Battle Cry of Freedom

The Civil War Era

By James M. McPherson
(Oxford University Press, USA, Paperback, 9780195168952, 909pp.)

Publication Date: December 2003

List Price: $19.95*
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Description
Filled with fresh interpretations and information, puncturing old myths and challenging new ones, Battle Cry of Freedom will unquestionably become the standard one-volume history of the Civil War.
James McPherson's fast-paced narrative fully integrates the political, social, and military events that crowded the two decades from the outbreak of one war in Mexico to the ending of another at Appomattox. Packed with drama and analytical insight, the book vividly recounts the momentous episodes that preceded the Civil War--the Dred Scott decision, the Lincoln-Douglas debates, John Brown's raid on Harper's Ferry--and then moves into a masterful chronicle of the war itself--the battles, the strategic maneuvering on both sides, the politics, and the personalities. Particularly notable are McPherson's new views on such matters as the slavery expansion issue in the 1850s, the origins of the Republican Party, the causes of secession, internal dissent and anti-war opposition in the North and the South, and the reasons for the Union's victory.
The book's title refers to the sentiments that informed both the Northern and Southern views of the conflict: the South seceded in the name of that freedom of self-determination and self-government for which their fathers had fought in 1776, while the North stood fast in defense of the Union founded by those fathers as the bulwark of American liberty. Eventually, the North had to grapple with the underlying cause of the war--slavery--and adopt a policy of emancipation as a second war aim. This "new birth of freedom," as Lincoln called it, constitutes the proudest legacy of America's bloodiest conflict.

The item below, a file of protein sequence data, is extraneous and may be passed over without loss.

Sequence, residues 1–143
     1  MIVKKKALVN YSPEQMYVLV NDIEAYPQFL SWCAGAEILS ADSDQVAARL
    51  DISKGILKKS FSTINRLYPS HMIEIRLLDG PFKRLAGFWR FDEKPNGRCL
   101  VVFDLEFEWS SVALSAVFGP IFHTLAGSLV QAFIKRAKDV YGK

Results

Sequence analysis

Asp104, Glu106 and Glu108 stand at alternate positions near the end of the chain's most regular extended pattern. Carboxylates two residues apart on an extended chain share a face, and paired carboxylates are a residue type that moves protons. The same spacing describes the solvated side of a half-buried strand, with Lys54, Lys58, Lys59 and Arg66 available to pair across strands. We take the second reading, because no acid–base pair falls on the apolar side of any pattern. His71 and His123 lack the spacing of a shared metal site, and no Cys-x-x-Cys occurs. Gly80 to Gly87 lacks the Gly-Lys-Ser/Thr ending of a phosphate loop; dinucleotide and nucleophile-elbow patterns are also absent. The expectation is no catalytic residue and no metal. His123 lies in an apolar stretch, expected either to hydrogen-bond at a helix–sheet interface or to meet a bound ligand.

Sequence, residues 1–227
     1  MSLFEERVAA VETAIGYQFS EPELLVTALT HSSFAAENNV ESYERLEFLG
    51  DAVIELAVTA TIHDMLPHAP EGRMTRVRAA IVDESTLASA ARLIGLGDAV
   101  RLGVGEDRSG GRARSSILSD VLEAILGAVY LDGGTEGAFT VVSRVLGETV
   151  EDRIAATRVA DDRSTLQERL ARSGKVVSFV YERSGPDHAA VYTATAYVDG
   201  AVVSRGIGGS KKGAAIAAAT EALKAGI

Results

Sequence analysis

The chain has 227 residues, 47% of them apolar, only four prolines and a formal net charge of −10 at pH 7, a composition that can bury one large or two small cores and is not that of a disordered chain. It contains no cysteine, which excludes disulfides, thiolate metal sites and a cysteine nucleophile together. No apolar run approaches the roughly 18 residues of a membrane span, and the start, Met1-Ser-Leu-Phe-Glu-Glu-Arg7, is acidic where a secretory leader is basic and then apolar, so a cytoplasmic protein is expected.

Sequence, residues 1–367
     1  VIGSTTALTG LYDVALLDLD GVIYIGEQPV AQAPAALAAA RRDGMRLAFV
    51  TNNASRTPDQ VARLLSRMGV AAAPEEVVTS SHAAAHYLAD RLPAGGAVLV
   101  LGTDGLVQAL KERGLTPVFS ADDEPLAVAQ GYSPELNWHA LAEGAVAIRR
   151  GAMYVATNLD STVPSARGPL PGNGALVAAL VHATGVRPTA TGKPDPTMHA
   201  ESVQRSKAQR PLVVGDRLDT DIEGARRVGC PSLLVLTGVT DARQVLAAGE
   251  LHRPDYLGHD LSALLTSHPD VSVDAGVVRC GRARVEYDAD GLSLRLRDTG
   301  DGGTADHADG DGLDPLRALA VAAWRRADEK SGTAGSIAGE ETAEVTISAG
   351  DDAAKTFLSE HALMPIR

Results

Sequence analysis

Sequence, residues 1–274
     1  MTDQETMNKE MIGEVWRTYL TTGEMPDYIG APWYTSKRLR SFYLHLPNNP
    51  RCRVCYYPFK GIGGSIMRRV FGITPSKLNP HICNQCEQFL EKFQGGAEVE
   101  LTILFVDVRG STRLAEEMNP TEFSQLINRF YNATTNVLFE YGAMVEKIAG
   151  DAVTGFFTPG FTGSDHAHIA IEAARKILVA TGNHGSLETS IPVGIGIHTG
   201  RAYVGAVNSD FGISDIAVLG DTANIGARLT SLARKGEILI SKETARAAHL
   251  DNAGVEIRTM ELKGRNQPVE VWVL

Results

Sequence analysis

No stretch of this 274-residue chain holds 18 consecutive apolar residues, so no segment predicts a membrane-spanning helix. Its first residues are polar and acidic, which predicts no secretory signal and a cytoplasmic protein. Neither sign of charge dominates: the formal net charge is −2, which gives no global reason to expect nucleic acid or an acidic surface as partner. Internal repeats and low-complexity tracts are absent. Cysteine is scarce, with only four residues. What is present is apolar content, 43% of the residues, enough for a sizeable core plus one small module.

This authoritative volume makes sense of that vast and confusing "second American Revolution" we call the Civil War, a war that transformed a nation and expanded our heritage of liberty.



About the Author
James M. McPherson is a distinguished Civil War historian. He won the 1989 Pulitzer Prize for his book BATTLE CRY OF FREEDOM: THE CIVIL WAR ERA. His other publications include MARCHING TOWARD FREEDOM: BLACKS IN THE CIVIL WAR, Second Edition (1991); ORDEAL BY FIRE: THE CIVIL WAR AND RECONSTRUCTION, Third Edition (2001); ABRAHAM LINCOLN AND THE SECOND AMERICAN REVOLUTION (1991); FOR CAUSE AND COMRADES: WHY MEN FOUGHT IN THE CIVIL WAR (1997), which won the Lincoln Prize in 1998; CROSSROADS OF FREEDOM: ANTIETAM (2002); HALLOWED GROUND: A WALK AT GETTYSBURG (2003); and TRIED BY WAR: ABRAHAM LINCOLN AS COMMANDER IN CHIEF (2008), which won the Lincoln Prize for 2009. Professor McPherson served as president of the American Historical Association (2003-2004).


NPR
Tuesday, Nov 6, 2012

Politicians love to invoke Honest Abe Lincoln, often while twisting his legacy to fit their own purposes. But who was the man, really? Steve Inskeep talks to three Lincoln historians � Andy Ferguson, of the Weekly Standard, and Doris Kearns Goodwin and Eric Foner � about the books they think best capture the former president's character. (This piece initially aired April 10, 2012 on Morning Edition.) More at NPR.org

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NPR
Tuesday, Apr 10, 2012

Politicians love to invoke Honest Abe, often while twisting his legacy to fit their own purposes. But who was the man, really? Three Lincoln historians discuss the books they think best capture the president's character. More at NPR.org

NPR Audio Player Requires Flash Upgrade: Please upgrade your plug-in to view this content.

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